“Just don’t make getting in the mood for sex the goal of stress-reduction, because it will backfire. Saying, ‘I need to meditate so I’m less stressed and want sex’ is a surefire way to stress yourself out even more,” she says. Noted!
Take a shower or bath
Muscle-relaxing heat. The sensual slip of soap on your skin. Naked bodies. Yep, the shower and bath are perfect for getting turned on.
The goal isn’t to have sex in the shower, just to de-stress, sensually. But (!) if one thing leads to another, don’t forget to use lube.
“The best sex is sex where there is clear, direct communication and openness between partners,” says Sinclair.
“And if you’re fighting, mad at, or frustrated with your partner, it can cause you to put your walls up, which isn’t a conducive mood or attitude for happy play.”
Your move: Communicate, communicate, and communicate some more in order to resolve (and maybe even copulate).
Feeling angry, frustrated, or annoyed with yourself can also block your libido.
“Your surroundings can sometimes be key to getting out of a bad mood and into a sexy one,” says Sinclair.
Try cleaning your sex space, dimming the lights, lighting your favorite candle, playing some soft music, laying out an aphrodisiac food platter (or just a chocolate bar), or turning on your fav-O-rite R-rated movie.
What do sex and games have in common? They’re both fun. Together it’s like fun x10.
You can kiss. That’s it! No hair pulling, nipple tweaking, finger teasing, ball cupping, or bum spanking allowed.
The first person to use their hands and touch the other person loses.
Your move: Use your teeth, tongue, and lips to bite, suck, kiss, and lick your partner’s mouth at a rhythm that’s so pleasurable they can’t help but to pull you into them.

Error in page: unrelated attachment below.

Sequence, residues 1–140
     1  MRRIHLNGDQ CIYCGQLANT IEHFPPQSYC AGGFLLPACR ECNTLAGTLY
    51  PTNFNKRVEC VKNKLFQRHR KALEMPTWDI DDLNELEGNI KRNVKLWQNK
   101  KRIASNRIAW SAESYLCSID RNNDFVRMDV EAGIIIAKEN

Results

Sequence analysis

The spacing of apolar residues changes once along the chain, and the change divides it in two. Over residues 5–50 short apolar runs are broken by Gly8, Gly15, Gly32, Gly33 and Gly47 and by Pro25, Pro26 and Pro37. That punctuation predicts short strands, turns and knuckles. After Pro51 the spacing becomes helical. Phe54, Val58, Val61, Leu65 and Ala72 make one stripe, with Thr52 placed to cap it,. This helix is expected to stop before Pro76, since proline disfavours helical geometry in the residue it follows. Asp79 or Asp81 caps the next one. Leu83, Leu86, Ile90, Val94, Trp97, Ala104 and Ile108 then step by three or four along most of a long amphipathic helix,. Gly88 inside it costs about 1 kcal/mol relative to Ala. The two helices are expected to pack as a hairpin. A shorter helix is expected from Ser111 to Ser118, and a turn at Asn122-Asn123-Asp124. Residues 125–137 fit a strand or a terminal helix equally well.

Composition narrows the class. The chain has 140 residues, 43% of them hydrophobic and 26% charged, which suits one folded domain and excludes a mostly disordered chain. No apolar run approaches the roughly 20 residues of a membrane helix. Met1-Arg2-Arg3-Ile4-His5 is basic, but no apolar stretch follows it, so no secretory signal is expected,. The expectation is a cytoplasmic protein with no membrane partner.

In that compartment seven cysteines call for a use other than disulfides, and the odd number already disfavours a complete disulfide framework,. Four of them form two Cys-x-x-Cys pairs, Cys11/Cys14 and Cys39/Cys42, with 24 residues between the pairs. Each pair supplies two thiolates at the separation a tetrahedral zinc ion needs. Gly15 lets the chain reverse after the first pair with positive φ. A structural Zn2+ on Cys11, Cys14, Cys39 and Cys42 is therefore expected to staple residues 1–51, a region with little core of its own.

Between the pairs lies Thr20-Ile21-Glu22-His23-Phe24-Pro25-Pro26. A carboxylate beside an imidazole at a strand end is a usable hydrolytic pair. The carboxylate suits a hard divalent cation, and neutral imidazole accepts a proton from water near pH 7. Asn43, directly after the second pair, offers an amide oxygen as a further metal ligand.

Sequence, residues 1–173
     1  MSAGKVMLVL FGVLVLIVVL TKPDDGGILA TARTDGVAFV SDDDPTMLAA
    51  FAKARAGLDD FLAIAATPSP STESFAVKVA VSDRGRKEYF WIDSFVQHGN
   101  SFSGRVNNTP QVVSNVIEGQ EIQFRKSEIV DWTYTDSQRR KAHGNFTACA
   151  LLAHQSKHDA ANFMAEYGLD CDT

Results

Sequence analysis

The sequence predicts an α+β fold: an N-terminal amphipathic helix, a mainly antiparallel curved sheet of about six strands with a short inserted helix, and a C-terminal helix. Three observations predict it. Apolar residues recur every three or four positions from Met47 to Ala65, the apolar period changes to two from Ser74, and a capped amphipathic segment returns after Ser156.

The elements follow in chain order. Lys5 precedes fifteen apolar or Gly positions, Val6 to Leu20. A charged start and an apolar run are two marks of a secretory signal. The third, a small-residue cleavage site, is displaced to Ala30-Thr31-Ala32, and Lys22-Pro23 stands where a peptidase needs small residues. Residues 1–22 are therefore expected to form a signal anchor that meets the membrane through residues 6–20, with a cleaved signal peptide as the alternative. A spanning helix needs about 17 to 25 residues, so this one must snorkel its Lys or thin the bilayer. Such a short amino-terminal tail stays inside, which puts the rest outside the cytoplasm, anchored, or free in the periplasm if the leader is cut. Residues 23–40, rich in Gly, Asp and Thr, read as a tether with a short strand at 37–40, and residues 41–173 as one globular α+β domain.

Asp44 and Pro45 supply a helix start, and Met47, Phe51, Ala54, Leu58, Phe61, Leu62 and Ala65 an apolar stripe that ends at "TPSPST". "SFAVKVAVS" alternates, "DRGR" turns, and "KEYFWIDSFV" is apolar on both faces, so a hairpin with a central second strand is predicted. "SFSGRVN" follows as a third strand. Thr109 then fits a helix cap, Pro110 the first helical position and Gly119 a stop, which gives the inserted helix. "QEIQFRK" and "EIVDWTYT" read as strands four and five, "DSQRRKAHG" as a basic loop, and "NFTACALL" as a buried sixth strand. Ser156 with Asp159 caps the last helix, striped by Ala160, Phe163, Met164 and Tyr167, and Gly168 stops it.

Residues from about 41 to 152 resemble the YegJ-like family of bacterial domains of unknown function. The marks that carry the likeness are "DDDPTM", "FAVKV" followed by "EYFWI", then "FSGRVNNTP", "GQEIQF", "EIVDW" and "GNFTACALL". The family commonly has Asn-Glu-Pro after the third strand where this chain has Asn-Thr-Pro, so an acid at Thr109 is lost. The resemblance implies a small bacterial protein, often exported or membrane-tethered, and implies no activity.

(If you don’t think this is hot, you clearly haven’t seen everyone’s fave The L Word couple Carmen and Shane play it in season 2, episode 3.)
Roll the die
Ah, sex dice — which you can find online — may sound corny AF, but it can be seriously hot.
Roll the dice and let them tell you whether to bite, suck, lick, smack, or kiss your partners butt, clit, cock, or mouth.
If you and your partner are into kink and BDSM, you might try this kink-focused set.
Pick a card, any card
Then, do what it tells you to do. Ranging from oral sex to back massage to finger sucking and face sitting, sex cards are fun for duos who are in the mood to get in the mood. Grab a set online.
You go, I go
“This exercise is all about playing Giver and then playing Receiver,” explains Sinclair.
Start by setting a timer. For a set period of time (like 30 minutes), the Giver is to touch the Receiver wherever and however they’d like to be touched, starting with nonsexual touches. Once the time is up, switch.
“This is a great way to get focused on giving and receiving pleasure, and communicating what feels good before sex even begins,” she says.
Instead of going from 0-to-O (that’s zero to orgasm), why not use your eyes and ears to set the mood?
Explore audio porn
Cue it up on your phone on the way back from dinner and hand bae one of the earbuds.
Watch porn together
Also hot: Turning on a lengthier porn film and flipping the screen around so that you can hear the huffs, moans, and mews in the background (CrashPadSeries has some very sexy moan-filled vids).
Get wild with words
Flip through a comic book
Visual learners to the front! “Graphic novels and comic books, like Fantagraphics, are an imaginative and fun way to explore new parts of your sexuality,” says Sinclair.
It’s perfectly healthy and normal if it takes a little work to get in the mood for sex. There are, as is demonstrated above, plentyyyy of ways to do so.
Also, it’s OK if you can’t get in the mood! You should never feel pressured to have sex if you don’t want to.
Your genitals and other erogenous zones aren’t a “use ‘em or lose ‘em” situation — they’ll still be there for you when you’re either in, or have time to get in, the mood.
Gabrielle Kassel (she/her) is a queer sex educator and wellness journalist who is committed to helping people feel the best they can in their bodies. In addition to Healthline, her work has appeared in publications such as Shape, Cosmopolitan, Well+Good, Health, Self, Women’s Health, Greatist, and more! In her free time, Gabrielle can be found coaching CrossFit, reviewing pleasure products, hiking with her border collie, or recording episodes of the podcast she co-hosts called Bad In Bed. Follow her on Instagram @Gabriellekassel.